"...Now hope that is seen is not hope. For who hopes for what he sees? But if we hope for what we do not see, we wait for it with patience."
Romans 8:24b-25

14 February 2011

Wait, You Mean It's Not Just Us?

When I first started this blog, seven years into our journey of infertility, I had no idea how many other blogs and websites there were devoted to the subject of infertility.  Believe it or not, I actually believed I was launching something "new".  Sure, I figured there were some blogs out there, but infertility is not something that's talked about regularly in most public venues.  I've actually been surprised at the amount of press infertility has received this month.

I will admit, I'm fairly new to the world of blogging in general.  I've heard about blogs for years and have been reading personal blogs of friends and family for a while.  It wasn't until I googled the word "gluten" the day I found out I had to be gluten-free that I discovered there were blogs out there with a purpose beyond updating friends and family about life.  (No, I haven't been living under a rock, I'm just a bit slow to embrace some things about technology.)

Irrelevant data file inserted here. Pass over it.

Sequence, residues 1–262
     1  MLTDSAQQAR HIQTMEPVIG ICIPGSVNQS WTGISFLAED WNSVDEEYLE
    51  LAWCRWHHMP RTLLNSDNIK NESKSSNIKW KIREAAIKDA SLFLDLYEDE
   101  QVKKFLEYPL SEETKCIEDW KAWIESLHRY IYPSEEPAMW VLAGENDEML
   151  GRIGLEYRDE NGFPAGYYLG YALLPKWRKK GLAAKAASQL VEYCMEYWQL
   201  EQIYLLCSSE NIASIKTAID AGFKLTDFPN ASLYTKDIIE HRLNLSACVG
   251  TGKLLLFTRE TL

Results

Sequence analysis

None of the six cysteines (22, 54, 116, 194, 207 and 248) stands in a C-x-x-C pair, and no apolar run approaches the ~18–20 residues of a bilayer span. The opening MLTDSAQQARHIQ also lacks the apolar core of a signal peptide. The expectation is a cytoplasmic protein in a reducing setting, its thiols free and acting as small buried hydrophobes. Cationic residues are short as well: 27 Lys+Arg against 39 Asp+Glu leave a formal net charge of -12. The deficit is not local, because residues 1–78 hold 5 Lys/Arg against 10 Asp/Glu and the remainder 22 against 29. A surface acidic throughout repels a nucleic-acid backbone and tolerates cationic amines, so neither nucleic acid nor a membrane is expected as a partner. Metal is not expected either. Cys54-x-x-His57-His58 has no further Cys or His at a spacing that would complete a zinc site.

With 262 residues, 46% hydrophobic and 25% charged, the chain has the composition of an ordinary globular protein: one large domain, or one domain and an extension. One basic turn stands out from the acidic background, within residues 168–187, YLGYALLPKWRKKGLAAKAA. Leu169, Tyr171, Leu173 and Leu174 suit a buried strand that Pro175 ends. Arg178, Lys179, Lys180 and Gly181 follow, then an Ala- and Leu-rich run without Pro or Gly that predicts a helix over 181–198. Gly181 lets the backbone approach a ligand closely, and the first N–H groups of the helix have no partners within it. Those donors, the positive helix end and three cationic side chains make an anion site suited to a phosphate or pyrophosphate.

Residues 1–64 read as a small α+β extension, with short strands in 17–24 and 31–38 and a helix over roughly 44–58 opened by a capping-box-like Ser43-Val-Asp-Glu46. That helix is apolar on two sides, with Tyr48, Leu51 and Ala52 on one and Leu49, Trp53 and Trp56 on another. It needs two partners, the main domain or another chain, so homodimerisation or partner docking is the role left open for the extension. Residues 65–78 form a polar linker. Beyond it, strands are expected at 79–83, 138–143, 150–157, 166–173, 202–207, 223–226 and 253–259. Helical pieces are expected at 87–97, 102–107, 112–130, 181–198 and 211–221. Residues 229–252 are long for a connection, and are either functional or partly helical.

I began this blog with the intent of reaching out to others on this journey, hoping that somehow they would stumble across it and be encouraged that they are not alone.

For the first few years of this journey, my husband and I felt like we were the only ones in our age bracket struggling to have children.  I knew couples older than us who had been unable to have children, but none our age.  Sadly, at the time, I wasn't willing to accept comfort from the older couples I knew in our situation because I was determined that we would not be in their shoes at their age.  I've said it before, but it's interesting how we think we have so much more control over things than we actually do.

Regardless, it would have been nice to know at the time that there were others our age going through what we were going through.  A shoulder to lean on, an ear to vent to, another couple to hang out with that didn't have kids already, or the promise of one on the way.

We were surprised three years ago when our paths crossed with three other couples on this journey in the same town, at the same church.  I chalked it up to God's divine hand bringing us together with others in our circumstances so that we could all encourage each other.  While I have no doubt that is truly the case (seriously, we could have ended up NOT meeting anyone in the same circumstances), I realize now that the reality of infertility is much different than I perceived.

Imagine my surprise when, having finally learned how hash tags on Twitter work, I came across a plethora of blogs written by women on this same journey.  Imagine also my surprise when I came across statistics in several different articles that indicate that the number of couples struggling with infertility is 1 in 8.  One in eight!  That's staggering!

Here we were, on this journey for seven years and I only just learned of that statistic in the past month.  How is that even possible?